1. Good question! It's a heating pad made with dried corn as a filling (I think it's field corn ... ). You can also use rice. Here's a link:
      My 11 year old made one last winter (filled with rice) to give as a gift ... so it must be pretty easy to do. :)

      We also use the curtain option to let in sunshine. It is an iffy solution as Michigan tends to be cloudy all winter, but when the sun is out, I like to take advantage of it--partly, I admit, because the sunshine improves my mood.

    2. I have made a lot of corn bags as gifts and for my own use. Years ago, I saw on the internet that a hospital was using them instead of heating pads. A nurse there experimented with many different grains and determined that corn (field corn) held it's heat the longest (less surface area say compared to rice). I figured if it were good enough for the patients, it was good enough for me. I think one reason you don't see them much commercially is they could attract mice. Over a lot of years and a lot of field mice in our house, we never had a problem. I have made many different shapes and sizes over the years.

    3. I had a commercially produced one for many years--not sure what was in it, but apparently my cat thought it was something tasty! All sorts of little grains were falling out ... I tried patching it but that didn't work so well. I also have those booties with pockets for heat pads (my feet tend to get cold) but they don't work very well--I think the booties may be too sloppy on my feet to get the hot pads close enough.

      I love the idea of making different shapes. Fun!

    4. I get it now! I have actually seen those things, but the ones I've seen were made with wheat. Makes a lot more sense than what I was picturing - which was some sort of indoor flannel sleeping bag shaped like an ear of corn... which didn't exactly sound like an easy DIY project to me! ;-)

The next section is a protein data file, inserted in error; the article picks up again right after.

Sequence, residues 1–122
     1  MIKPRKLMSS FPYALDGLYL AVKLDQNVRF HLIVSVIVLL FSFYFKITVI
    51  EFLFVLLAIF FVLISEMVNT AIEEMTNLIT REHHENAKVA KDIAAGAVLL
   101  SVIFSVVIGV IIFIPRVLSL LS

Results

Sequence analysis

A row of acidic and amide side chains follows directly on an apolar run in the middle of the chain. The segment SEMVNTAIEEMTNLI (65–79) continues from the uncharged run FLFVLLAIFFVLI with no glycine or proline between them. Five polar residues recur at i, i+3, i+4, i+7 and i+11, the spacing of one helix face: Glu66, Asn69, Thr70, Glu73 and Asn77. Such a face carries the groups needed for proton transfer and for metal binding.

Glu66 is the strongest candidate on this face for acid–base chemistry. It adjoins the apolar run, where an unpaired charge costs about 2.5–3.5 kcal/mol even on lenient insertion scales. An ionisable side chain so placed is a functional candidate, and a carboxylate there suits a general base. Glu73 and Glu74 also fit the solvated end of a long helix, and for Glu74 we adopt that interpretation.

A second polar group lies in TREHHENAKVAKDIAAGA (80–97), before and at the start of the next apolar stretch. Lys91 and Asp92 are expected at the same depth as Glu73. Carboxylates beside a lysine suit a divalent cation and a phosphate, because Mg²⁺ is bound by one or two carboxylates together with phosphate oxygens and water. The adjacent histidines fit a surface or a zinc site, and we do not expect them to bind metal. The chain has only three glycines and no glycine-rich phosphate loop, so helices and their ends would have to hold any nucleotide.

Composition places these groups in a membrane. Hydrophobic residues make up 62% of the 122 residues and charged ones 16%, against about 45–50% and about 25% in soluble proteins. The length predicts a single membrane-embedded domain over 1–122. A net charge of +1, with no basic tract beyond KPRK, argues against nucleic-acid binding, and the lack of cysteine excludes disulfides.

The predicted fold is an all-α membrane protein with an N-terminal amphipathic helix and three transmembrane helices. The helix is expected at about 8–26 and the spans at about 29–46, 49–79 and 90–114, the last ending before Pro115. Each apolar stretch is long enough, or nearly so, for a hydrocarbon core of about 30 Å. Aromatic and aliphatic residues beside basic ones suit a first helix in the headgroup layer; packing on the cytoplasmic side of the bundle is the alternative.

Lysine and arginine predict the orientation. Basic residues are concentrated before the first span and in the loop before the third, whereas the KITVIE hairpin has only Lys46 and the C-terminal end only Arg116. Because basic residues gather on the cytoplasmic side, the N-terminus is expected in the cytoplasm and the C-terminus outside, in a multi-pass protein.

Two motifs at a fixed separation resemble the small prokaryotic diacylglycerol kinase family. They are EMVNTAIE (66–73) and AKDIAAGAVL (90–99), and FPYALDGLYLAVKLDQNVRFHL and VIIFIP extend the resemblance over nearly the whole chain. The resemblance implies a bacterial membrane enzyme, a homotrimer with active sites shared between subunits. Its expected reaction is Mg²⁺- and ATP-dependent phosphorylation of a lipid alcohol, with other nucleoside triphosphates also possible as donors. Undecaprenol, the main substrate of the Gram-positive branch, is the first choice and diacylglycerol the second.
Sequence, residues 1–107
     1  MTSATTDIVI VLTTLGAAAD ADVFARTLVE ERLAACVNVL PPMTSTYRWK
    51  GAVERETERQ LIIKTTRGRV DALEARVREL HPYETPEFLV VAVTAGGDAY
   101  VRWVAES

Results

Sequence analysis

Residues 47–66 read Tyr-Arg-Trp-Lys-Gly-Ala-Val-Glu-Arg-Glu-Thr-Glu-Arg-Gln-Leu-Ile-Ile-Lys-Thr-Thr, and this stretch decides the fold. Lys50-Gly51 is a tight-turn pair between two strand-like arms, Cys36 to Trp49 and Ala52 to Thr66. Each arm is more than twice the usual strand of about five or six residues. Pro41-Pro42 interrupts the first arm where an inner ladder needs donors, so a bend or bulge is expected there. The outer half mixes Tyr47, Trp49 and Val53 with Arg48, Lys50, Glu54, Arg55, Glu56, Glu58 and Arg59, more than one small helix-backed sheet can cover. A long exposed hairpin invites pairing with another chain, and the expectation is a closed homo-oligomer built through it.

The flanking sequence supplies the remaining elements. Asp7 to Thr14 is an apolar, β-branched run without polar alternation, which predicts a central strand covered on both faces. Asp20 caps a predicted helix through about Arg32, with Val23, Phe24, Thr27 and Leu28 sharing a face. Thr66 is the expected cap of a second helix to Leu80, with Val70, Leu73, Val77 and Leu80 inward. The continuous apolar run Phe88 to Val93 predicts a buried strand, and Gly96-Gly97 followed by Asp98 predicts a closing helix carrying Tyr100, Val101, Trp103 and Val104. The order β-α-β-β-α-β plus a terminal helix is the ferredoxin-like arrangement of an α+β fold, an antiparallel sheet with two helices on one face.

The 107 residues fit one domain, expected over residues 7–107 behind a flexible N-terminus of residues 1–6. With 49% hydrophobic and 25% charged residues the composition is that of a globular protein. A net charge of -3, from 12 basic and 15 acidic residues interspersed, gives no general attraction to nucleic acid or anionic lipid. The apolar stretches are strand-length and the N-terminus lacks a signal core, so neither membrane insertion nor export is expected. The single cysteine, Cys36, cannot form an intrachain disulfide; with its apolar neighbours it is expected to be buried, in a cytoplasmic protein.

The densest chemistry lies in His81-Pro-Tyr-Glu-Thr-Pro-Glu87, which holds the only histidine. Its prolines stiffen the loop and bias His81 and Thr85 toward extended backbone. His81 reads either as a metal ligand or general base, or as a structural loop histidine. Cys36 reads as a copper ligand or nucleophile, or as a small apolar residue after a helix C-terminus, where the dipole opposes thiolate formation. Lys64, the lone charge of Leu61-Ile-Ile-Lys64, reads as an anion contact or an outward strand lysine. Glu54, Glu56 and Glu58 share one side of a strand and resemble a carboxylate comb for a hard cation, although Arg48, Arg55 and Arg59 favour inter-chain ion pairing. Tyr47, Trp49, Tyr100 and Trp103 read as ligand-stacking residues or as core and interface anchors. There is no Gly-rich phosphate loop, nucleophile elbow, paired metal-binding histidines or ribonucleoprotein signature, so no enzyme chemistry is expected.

7. Oh my gosh, I'm having a hard time wrapping my head around this post since it's only just now getting cool enough to have the windows open during the daytime here. But yes, I am a bit of an energy Nazi, so I try to avoid turning the furnace on in the fall.

    I have lots of tricks for keeping the house warm, but the main ones involve careful use of curtains. This probably wouldn't work in a cloudy climate, but here in sunny Denver, you can get a huge warming to your house just by opening the shades on the sunny side of the house and closing the ones on the shady side. My strategy is to get up around dawn and open all the shades on the east and south sides of the house - my bedroom is in the northwest corner, so I go back to bed and the light doesn't bother me - but it's usually enough to raise the indoor temperature by 3-4 degrees. When I get up, the sun has usually moved far enough that it's stopped shining directly into the east windows, so I close those shades, and open the ones on the west side of the house so they're ready to let in the afternoon sun. Then as soon as the sun sets, I close all the shades to keep in the heat.

    I do other things too (insulation, closing off the vent to the whole house attic fan, yadda, yadda, yadda) but the sunshine trick really seems to make the biggest difference.

  8. We're still trying to figure out our new house as far as heating and cooling goes. The back of the house where we spend most of our time, gets really hot from the afternoon sun. Sometimes, it's even too hot in the winter. And the thermostat on the AC and furnace doesn't seem to work very well so adjustments to it don't seem to correlate to corresponding changes in temperature. However, overall, this house seems to be pretty well insulated. And when we get a chance to replace the old windows, it will be even better. In the meantime, we are constantly discussing whether it is too hot or too cold inside. That is something we rarely agree on.